My investment strategy

The markets have been increasingly volatile over the last few months. After an extended period of low volatility, this has caught slme investors off-guard, with many piling into ‘tipped’ stocks without examining the fundamentals of the company behind the security and consequently being surprised when they suffered a sudden drop in value as volatility picked up.

Being a value investor, the majority of my portfolio has weathered the increase in volatility pretty well – I hold most securities for years at a time and as a result am not really concerned with their intra-week and intra-month performance. Even sudden changes in cashflow are less of a concern than they might be to others, with my long-term view being that markets will chop and change, and corresponding cashflow with them.

When it comes to long-term investments, I believe in setting out some simple, easy to follow guidelines and then sticking to them. Investors that overcomplicate their methodology rarely generate outsized returns, so really, why should they waste their time coming up with complicated timing strategies and asset allocations? Below are a few rules of thumb I try to stick to when running my portfolio.

1. Keep costs low. It sounds obvious, but costs are returns generated by your investments that you will never get the benefit of. The lower my costs of trading are, the more of the returns I get to keep for myself. This isn’t to say that I cut down on detailed research materials or on using a reputable investment broker, more that I won’t ignore how much I’m spending on placing, holding and off-loading my investments.

2. Trade for the long-term. I work pretty hard for the money I have so I’m naturally quite protective of the capital generated by my job. Throwing this away on ‘bets’ means I mgiht as well drink it away down the pub. Instead, I will be patient and considered in my investing strategy, neither seeking a ‘quick buck’ nor failing to do my own due diligence into an opportunity.

3. Don’t be greedy. We’ve all read the stories about the multi-millionaire bankers and portfolio managers. We’ve all seen the tantalising adverts in the paper promising investment returns in the double figures. What we don’t see are all the hundreds of people that pour their capital into oppportunities that they don’t understand, that aren’t a sure thing, that lose them their money because they get greedy. My main aim is to generate a return of 5% capital growth a year, plus a further 4% in dividend income. If it’s slightly lower than this, I won’t lose sleep over it, if it’s slightly more, then I’ve had a good year! But I won’t swap out my patient, considered approach for a sudden trend or tip I hear from a man at the office.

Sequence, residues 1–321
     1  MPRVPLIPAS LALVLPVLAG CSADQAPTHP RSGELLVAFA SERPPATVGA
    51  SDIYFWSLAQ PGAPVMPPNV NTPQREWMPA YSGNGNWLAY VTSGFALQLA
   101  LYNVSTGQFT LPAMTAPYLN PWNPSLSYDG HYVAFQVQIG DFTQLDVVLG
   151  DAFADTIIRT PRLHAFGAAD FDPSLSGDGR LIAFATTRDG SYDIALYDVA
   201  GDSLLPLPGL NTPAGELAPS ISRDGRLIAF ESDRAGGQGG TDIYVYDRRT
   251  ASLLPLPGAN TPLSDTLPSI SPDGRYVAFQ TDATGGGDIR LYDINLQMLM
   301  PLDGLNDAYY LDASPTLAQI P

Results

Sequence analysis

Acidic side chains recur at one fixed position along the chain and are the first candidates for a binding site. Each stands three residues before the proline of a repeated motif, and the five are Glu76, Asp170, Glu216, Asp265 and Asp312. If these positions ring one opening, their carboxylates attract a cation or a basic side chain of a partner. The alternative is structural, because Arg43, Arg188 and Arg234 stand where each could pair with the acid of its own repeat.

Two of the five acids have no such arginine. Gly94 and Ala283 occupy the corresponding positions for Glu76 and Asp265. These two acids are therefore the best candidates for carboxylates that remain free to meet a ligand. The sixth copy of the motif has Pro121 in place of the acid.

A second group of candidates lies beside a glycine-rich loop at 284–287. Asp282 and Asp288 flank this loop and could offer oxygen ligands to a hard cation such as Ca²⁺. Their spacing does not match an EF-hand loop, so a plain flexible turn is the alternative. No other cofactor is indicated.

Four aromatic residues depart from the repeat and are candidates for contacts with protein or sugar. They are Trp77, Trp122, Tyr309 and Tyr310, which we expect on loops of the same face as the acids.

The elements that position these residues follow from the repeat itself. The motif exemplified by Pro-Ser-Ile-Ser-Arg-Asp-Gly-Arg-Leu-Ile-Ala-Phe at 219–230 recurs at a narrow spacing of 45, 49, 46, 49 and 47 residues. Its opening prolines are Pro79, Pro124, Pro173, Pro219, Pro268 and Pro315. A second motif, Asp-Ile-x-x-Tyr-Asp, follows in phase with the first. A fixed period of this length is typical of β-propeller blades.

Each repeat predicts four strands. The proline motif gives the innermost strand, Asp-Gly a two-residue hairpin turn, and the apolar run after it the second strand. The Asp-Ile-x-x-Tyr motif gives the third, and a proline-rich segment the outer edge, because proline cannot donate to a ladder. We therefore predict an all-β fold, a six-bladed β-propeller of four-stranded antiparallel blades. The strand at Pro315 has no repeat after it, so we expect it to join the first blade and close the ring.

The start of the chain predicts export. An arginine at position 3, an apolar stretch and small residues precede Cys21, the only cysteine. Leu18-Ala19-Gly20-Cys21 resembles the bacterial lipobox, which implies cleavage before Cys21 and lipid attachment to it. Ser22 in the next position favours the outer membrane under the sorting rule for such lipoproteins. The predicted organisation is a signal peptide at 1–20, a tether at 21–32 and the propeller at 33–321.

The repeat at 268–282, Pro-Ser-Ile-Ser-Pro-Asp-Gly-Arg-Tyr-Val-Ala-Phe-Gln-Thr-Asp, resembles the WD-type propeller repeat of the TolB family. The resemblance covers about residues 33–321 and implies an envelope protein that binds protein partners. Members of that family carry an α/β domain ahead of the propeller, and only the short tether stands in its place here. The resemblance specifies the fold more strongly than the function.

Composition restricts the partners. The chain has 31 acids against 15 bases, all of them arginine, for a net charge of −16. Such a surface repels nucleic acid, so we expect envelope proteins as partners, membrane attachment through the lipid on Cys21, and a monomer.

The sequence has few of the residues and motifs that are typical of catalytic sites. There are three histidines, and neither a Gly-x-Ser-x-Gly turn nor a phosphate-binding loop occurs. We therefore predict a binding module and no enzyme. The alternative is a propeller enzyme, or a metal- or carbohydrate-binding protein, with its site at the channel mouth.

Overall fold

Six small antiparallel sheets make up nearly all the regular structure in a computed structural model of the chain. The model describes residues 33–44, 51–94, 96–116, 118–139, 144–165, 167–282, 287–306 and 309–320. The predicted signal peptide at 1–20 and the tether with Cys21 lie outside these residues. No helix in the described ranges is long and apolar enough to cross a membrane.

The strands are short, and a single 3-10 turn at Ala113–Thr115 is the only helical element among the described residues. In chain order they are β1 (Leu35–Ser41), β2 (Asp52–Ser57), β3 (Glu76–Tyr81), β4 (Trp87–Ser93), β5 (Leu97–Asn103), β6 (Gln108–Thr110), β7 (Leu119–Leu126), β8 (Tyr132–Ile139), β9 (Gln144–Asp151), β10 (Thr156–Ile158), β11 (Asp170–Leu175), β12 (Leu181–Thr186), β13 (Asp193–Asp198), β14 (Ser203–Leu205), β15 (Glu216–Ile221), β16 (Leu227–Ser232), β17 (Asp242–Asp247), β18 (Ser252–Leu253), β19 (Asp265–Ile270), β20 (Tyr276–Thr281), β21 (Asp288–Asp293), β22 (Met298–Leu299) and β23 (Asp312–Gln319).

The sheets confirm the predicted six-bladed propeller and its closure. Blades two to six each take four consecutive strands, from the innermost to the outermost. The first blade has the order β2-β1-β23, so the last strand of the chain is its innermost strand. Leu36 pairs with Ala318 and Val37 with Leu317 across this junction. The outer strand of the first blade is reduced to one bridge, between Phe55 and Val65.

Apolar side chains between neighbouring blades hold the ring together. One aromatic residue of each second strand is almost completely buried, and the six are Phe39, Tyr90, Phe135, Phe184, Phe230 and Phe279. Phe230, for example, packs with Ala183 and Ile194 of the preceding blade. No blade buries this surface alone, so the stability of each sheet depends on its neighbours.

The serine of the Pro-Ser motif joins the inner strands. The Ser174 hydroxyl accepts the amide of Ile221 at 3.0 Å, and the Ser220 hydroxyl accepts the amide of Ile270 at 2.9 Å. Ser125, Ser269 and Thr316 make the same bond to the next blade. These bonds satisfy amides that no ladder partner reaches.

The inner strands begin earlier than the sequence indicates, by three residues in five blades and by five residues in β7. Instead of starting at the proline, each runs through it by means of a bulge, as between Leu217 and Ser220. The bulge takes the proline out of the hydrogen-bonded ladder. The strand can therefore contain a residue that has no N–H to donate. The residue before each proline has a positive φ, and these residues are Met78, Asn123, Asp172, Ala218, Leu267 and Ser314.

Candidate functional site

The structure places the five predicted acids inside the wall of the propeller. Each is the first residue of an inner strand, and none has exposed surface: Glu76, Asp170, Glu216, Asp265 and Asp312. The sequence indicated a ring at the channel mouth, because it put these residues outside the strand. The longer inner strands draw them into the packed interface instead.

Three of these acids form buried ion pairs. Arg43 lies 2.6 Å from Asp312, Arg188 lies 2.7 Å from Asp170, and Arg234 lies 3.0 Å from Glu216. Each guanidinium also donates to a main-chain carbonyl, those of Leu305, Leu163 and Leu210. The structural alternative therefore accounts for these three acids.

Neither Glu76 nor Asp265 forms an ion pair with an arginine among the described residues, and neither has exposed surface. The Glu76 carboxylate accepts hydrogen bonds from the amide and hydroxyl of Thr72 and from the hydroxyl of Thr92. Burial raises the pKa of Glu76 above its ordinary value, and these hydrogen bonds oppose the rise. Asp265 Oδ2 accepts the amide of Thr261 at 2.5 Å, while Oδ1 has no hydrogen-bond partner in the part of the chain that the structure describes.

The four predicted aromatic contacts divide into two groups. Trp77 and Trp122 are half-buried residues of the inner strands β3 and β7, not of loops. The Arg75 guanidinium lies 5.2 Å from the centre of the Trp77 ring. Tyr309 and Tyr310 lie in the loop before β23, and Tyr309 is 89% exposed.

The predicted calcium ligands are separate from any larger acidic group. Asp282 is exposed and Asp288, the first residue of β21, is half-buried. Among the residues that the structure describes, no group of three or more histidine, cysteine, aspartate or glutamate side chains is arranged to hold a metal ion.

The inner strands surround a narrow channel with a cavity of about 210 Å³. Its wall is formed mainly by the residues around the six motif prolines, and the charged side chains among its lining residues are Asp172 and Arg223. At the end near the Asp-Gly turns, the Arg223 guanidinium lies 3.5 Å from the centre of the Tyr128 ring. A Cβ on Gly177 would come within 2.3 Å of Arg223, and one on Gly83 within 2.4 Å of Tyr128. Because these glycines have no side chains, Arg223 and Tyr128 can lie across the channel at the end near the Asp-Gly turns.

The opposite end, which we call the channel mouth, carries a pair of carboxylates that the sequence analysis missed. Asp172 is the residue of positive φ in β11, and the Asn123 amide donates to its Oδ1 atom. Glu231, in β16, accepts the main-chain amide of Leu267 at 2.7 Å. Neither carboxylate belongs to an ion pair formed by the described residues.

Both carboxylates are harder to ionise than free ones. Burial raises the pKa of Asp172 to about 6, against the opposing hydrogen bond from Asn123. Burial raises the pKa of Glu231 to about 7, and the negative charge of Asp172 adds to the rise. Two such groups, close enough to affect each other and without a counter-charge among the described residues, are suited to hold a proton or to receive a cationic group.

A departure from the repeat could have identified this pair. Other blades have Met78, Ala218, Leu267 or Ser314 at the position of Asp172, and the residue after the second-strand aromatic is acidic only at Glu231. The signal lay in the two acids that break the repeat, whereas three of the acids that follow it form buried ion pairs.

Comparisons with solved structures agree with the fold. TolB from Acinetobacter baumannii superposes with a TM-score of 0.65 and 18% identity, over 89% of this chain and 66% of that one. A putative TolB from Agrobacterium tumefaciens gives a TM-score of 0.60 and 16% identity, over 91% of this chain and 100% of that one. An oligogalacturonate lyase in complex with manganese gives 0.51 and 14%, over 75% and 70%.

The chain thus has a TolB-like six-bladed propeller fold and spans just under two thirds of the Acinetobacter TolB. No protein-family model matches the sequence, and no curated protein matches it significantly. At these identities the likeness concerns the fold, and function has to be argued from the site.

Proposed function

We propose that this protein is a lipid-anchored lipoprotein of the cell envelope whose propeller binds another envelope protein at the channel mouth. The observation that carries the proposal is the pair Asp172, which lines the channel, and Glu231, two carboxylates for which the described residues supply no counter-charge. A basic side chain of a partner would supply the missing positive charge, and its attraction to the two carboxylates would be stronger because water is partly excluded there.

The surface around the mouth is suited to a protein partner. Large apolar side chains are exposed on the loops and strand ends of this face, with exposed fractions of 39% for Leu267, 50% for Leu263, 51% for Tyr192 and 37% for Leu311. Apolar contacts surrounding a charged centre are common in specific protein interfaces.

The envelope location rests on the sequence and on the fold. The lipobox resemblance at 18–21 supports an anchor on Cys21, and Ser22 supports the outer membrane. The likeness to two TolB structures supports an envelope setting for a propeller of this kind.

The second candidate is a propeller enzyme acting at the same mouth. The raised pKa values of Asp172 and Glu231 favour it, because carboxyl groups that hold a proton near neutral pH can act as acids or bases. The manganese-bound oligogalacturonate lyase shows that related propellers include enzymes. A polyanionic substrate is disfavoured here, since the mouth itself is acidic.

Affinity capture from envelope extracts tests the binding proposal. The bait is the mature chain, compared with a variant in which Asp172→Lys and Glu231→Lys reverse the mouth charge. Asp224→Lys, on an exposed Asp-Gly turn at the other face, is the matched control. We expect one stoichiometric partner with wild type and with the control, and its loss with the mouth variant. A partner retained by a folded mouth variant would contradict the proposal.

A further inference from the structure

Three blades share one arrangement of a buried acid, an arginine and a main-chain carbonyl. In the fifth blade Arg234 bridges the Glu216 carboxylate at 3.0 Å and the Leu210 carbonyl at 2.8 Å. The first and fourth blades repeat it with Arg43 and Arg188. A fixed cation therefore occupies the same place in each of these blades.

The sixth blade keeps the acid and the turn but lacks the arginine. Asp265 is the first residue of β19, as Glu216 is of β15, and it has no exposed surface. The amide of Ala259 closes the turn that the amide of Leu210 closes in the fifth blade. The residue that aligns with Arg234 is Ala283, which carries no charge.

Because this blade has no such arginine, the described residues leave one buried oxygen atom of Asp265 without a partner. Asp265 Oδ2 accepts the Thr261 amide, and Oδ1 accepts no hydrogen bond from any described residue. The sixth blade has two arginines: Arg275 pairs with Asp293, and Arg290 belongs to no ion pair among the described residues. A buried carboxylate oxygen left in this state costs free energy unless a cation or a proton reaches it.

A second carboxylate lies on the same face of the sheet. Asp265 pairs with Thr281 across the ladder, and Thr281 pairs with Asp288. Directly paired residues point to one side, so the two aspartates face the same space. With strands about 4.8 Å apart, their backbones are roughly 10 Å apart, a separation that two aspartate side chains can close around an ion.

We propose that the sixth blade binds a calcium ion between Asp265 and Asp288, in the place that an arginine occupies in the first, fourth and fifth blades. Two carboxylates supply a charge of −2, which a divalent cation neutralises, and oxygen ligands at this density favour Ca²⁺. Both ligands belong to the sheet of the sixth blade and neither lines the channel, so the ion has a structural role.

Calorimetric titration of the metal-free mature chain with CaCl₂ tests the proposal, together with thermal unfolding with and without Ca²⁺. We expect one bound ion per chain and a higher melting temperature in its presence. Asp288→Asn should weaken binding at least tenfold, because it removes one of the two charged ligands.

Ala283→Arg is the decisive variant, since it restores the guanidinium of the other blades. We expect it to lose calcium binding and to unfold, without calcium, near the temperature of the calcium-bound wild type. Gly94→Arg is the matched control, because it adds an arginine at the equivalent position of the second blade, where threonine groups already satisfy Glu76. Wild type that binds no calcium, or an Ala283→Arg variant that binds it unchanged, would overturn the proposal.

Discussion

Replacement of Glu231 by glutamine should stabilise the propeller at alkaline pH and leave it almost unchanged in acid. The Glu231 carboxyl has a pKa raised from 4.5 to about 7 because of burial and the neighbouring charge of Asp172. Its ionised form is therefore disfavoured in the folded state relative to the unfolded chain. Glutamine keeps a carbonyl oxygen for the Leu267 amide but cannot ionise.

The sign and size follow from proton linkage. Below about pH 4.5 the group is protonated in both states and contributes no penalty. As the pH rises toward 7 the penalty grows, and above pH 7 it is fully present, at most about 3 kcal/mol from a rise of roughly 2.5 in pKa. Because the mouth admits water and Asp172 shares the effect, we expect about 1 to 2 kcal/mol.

4. Diversify! I buy different baskets of assets that perform in different ways, are geographically diverse and generate their income from different sources. I spread my investments between highly concetrated investments in individual opportunities and a broad spread of global investment trusts. These investment trusts act much like a team of advisors searching out the best opportunities in different regions and sectors across the globe. Rather than having to become an expert in the intricacies of the South American mineral markets, or having to understand the nuances of the Russian political scene, I outsource this to someone closer to the situation and who has a more experienced understanding of the issues surrounding an investment.

5. Active management. As a reasonably savvy investor, I’m not a fan of passive investing. I prefer to have control over my money, and a tracker fund takes that control and gives it to a vehicle that is controlled by millions of squabbling, disagreeing people that likely have no correlation to my requirements or expectations. As such, all my investments are actively managed, either by myself or another team of investment professionals.

6. Generating an income. I want my investments to support my lifestyle. If an investment isn’t capable of generating a return for me (at least in the long-run), I generally will remove it from the portfolio. My only exception to this are a very small number of capital growth opportunities – currency trading or commodities speculation, which due to my preference for long-term investments, I rarely move into.

Ultimately, I believe that an investor that keeps their costs low and invests carefully over an extended period of time wiill far outperform an investor that jumps into a myriad of opportunities they don’t understand, often paying a premium to do so.